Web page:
"We found that by growing very pure, single RRP chains made of uniform small units, we dramatically increased the ability of these polymers to conduct electricity," said Richard D. McCullough, who initially discovered RRPs in 1992. "This work establishes basic properties that researchers everywhere need to know to create new, better conducting plastics. In fact, designing materials based on these results could completely revolutionize the printable electronics industry."
"Our results are very significant, since they cast new light on the mechanism by which polymers conduct electricity," said Tomasz Kowalewski, associate professor of chemistry and senior author on the study.
Unlike plastics that insulate, or prevent, the flow of electrical charges, conducting plastics actually facilitate current through their nanostructure. Conducting plastics are the subject of intense research, given that they could offer light-weight, flexible, energy-saving alternatives for materials used in solar panels and screen displays. And because they can be dissolved in solution, affixed to a variety of templates like silicon and manufactured on an industrial scale, RRPs are considered among the most promising conducting plastics in nanotech research today, according to McCullough, dean of the Mellon College of Science and professor of chemistry.
"Our tests showed that highly uniform RRPs self-assemble into well-defined elongated aggregates called nanofibrils, which stack one against the other," Kowalewski said. "About 5,000 of these nanofibrils would fit side by side in the width of a human hair. The presence of these well-defined structures allowed us for the first time to make a connection between the size of polymer molecules, the type of structure they form and the ease with which current can move through nanofibril aggregates." (See image.)
The vast improvement in conductivity is tied to several key properties that were unambiguously shown for the first time in this study, according to Kowalewski.
"We made the key discovery that mobility -- how easily electrons move -- increases exponentially as the width of a nanofibril increases," Kowalewski said. Each rope-like nanofibril actually is a stack of RRP molecules, so the longer these molecules, the wider the nanofibril and the faster the electrical conductivity. (See image insert of RRP stacks.) In this way, electricity moves preferably perpendicular through the rows of naturally aligned nanofibrils.
"We found that charge carriers encounter fewer hurdles when jumping between wider nanofibrils," said Kowalewski. "Ultimately through this study, we found that the nanostructure of our conducting plastic profoundly enhances its ability to conduct electricity."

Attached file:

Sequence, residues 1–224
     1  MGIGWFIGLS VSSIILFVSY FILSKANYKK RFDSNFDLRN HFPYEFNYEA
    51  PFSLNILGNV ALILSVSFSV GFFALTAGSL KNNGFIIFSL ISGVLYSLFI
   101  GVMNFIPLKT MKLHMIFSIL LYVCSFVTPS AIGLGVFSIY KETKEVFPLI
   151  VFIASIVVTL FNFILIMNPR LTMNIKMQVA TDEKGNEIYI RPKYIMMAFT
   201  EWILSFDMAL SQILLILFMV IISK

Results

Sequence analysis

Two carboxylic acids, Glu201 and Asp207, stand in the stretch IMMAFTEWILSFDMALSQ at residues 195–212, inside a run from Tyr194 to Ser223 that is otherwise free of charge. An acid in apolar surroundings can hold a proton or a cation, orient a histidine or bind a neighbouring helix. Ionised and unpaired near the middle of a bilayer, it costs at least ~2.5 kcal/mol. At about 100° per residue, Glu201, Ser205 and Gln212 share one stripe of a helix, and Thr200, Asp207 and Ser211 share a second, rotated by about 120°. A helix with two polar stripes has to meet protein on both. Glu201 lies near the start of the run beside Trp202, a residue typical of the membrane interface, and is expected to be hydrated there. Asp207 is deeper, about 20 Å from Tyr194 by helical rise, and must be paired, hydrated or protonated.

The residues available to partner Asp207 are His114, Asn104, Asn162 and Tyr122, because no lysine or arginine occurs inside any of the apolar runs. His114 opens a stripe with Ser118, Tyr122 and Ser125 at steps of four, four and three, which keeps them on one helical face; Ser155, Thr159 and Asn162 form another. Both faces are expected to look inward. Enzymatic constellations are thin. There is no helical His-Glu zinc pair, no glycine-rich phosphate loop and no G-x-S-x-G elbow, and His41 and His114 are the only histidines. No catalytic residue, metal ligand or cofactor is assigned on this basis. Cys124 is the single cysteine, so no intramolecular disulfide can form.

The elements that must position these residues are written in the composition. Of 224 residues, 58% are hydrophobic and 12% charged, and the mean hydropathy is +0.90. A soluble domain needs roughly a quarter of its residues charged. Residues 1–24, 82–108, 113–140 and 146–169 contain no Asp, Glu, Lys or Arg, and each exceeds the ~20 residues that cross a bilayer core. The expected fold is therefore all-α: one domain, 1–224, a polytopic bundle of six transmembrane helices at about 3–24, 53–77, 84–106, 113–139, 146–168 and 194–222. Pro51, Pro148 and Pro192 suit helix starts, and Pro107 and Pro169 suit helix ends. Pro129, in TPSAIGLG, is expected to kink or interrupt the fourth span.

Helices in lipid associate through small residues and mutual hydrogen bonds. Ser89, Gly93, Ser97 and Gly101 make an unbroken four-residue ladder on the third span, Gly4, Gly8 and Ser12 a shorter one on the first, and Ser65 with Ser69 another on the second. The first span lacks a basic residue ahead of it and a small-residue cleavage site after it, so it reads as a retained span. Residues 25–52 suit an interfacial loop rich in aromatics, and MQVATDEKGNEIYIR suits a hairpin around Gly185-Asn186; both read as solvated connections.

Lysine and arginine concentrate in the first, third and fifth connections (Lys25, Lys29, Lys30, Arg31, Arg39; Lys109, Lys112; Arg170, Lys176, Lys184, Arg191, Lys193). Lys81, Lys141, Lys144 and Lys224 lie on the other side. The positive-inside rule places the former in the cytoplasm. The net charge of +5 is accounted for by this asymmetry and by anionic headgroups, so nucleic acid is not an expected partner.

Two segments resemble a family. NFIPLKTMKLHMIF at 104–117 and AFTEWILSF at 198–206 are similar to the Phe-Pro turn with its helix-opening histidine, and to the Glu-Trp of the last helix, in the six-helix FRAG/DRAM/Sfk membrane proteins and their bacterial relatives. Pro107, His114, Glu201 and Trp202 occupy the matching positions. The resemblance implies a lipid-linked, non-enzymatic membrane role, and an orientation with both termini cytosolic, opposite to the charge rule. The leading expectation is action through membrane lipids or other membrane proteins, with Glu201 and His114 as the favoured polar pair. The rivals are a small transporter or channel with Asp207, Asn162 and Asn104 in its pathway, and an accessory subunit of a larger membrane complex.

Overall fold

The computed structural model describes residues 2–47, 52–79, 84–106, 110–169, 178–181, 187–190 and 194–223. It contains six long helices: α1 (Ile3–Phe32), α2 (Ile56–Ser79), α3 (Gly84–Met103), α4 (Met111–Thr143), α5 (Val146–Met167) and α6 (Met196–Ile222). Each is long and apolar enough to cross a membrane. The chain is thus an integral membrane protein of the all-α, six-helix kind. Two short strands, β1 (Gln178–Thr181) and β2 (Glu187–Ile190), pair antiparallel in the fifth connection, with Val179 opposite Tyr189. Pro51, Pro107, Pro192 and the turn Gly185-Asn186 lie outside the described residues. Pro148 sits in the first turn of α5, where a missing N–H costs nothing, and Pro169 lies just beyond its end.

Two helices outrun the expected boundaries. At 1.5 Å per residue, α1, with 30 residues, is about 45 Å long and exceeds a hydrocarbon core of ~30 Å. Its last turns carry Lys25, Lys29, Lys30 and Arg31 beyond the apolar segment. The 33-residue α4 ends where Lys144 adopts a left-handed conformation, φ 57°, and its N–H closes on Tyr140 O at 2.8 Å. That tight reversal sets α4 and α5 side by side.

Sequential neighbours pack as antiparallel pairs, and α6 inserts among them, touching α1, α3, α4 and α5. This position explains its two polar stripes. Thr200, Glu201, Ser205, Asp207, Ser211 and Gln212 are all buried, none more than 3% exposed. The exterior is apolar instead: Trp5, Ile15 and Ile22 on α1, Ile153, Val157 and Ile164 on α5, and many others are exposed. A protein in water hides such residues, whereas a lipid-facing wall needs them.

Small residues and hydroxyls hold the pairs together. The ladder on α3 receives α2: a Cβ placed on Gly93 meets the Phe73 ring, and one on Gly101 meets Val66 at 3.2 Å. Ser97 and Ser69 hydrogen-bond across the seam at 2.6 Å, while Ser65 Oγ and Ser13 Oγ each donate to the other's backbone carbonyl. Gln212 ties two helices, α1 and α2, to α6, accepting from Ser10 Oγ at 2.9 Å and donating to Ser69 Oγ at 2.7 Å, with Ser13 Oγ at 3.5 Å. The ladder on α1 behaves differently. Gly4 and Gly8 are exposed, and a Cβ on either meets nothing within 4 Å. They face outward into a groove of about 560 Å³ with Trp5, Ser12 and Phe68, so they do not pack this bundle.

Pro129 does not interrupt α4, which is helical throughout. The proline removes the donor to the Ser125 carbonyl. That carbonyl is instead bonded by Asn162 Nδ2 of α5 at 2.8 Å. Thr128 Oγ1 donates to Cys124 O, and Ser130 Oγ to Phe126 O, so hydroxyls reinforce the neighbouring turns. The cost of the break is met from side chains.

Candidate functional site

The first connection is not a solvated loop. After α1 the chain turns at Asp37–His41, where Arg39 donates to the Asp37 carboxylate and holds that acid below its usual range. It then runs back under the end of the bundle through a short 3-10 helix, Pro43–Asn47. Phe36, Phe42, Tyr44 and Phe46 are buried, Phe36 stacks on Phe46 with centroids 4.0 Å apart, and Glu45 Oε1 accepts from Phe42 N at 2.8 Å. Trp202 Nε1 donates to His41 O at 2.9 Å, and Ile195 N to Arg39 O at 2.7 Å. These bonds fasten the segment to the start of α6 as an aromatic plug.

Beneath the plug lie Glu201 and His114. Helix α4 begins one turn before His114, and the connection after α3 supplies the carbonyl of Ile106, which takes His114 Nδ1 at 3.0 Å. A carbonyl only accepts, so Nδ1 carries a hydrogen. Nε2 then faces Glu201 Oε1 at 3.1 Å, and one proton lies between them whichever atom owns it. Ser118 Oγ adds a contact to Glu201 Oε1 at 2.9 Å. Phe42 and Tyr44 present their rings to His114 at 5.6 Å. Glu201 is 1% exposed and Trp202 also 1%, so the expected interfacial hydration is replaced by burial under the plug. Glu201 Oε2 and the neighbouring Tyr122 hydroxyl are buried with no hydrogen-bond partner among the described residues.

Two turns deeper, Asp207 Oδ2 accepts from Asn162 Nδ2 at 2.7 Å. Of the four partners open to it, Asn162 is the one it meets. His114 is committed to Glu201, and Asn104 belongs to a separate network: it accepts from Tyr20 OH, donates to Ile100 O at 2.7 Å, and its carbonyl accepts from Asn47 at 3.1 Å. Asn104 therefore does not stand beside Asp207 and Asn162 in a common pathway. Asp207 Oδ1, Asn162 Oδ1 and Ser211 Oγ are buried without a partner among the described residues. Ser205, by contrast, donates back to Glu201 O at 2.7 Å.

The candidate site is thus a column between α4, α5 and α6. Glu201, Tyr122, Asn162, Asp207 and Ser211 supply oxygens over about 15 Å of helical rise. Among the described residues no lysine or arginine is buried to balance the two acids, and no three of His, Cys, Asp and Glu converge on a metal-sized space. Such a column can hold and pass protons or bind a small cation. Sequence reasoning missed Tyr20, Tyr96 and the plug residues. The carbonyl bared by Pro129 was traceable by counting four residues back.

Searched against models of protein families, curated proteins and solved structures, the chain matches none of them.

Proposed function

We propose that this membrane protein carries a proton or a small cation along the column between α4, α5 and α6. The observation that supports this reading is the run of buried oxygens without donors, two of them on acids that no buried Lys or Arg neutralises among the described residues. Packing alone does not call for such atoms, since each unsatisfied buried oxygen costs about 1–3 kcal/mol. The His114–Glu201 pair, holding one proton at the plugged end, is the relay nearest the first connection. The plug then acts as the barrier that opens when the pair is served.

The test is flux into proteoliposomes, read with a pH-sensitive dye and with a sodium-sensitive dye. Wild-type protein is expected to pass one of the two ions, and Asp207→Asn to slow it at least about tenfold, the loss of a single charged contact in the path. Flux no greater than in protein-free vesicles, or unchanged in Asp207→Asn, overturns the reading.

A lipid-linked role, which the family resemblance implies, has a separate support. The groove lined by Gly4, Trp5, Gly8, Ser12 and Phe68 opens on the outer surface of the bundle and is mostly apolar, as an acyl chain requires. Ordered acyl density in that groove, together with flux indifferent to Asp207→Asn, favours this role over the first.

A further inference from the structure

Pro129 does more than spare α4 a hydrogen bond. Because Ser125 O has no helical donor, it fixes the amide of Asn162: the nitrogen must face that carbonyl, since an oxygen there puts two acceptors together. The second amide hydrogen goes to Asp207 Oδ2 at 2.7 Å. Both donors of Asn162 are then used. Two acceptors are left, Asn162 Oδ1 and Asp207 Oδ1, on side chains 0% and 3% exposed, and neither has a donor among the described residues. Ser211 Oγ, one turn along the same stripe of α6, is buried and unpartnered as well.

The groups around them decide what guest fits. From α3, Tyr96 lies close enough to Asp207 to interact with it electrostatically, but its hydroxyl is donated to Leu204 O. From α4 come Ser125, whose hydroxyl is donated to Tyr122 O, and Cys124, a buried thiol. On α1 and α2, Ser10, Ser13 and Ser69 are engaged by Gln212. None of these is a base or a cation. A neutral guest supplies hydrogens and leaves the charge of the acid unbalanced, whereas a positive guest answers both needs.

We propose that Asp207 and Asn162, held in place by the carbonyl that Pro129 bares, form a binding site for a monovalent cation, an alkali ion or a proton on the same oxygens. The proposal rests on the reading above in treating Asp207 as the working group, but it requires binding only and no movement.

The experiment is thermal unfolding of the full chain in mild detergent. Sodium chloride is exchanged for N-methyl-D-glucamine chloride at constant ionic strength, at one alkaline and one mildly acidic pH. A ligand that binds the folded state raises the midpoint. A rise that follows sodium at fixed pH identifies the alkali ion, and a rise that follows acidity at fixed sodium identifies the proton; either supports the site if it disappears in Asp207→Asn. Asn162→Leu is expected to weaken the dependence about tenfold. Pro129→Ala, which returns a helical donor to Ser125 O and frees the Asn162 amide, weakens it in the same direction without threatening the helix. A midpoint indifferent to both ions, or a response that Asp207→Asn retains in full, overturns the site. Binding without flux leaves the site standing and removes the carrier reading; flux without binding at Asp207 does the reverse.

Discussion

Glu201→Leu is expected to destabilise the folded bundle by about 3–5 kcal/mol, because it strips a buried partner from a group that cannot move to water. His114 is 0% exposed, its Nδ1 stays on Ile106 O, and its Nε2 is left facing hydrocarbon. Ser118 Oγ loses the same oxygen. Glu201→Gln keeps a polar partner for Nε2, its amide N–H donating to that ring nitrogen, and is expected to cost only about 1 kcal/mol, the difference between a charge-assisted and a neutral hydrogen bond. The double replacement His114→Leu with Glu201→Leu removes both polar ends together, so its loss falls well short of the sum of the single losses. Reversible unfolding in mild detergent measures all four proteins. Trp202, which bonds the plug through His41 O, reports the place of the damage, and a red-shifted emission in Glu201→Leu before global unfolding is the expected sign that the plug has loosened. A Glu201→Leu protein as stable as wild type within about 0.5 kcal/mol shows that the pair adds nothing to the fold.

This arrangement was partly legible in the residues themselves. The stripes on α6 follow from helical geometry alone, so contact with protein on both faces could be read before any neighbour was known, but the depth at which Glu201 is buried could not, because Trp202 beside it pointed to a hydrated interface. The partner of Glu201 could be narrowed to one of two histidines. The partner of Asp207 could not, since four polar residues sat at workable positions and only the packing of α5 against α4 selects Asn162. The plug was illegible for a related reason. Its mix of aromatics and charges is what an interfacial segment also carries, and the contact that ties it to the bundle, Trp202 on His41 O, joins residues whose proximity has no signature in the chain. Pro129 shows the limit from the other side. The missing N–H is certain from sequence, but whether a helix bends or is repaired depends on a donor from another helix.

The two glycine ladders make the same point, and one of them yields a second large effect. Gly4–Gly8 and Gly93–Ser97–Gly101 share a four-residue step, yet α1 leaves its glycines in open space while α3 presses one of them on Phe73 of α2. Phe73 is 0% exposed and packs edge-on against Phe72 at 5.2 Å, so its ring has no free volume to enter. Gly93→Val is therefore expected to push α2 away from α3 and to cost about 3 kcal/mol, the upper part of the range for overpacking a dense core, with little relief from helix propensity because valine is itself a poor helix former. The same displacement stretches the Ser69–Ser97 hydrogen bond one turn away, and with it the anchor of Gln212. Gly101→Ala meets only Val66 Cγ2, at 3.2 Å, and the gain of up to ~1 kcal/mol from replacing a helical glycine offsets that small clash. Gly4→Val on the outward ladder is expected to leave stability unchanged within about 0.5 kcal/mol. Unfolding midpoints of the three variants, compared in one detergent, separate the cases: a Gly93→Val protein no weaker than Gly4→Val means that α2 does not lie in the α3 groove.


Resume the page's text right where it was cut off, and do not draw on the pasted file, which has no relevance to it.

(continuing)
Conductivity increases with the length of an RRP molecule -- and hence the width of each nanofibril -- because it takes less time for a charge carrier to cross through wider nanofibrils than narrower ones. (Charge carriers are unbound particles that carry an electric charge through a molecular structure). All this can be tied to the fact that a charge carrier that enters a short molecule disrupts its energetic environment considerably more than if that same charge carrier enters a long molecule. This energetic hurdle, called reorganization energy, thus slows the movement of charge carriers that move from short molecule to short molecule. The energetic hurdle is lower for a long molecule, which can absorb changes to its electrical environment more easily. This phenomenon could be one of the reasons why charge carriers jump more quickly from long molecule to long molecule, according to Kowalewski.
"We hope that these findings will stimulate further theoretical and experimental work which will significantly improve the performance of polymer-based electronics and open the way to a wide range of applications," Kowalewski said.
To show that increasing the width of RRP nanofibrils exponentially increased charge carrier mobility, the Carnegie Mellon team first created pure RRPs of uniform size, or molecular weight. Next, they placed the drops of RRPs dissolved in a solvent onto silicon chips whose surfaces were specially prepared for use as nanotransistors. Such "drop casting" allowed the team to create a series of nanostructures that varied in accordance with the length of the RRP chains initially present in solution.
The team ran a current through these different RRP-based nanotransistors to measure their ability to conduct electricity. They used atomic force microscopy and a technique called grazing-incidence small-angle X-ray scattering to verify that periodic, stacked structure of different RRPs indeed formed nanofibrils of corresponding widths. The latter technique was performed using the High Energy Synchrotron Source at Cornell University.
The team of investigators included students Rui Zhang in the Department of Chemistry; Bo Li in the laboratory of David Lambeth, professor of electrical and computer engineering; and faculty from the Department of Physics, who participated in X-ray scattering studies.
The research is supported by grants and contracts from the National Science Foundation, the Air Force Office of Scientific Research, and the National Institute of Occupational Safety and Health/Centers for Disease Control.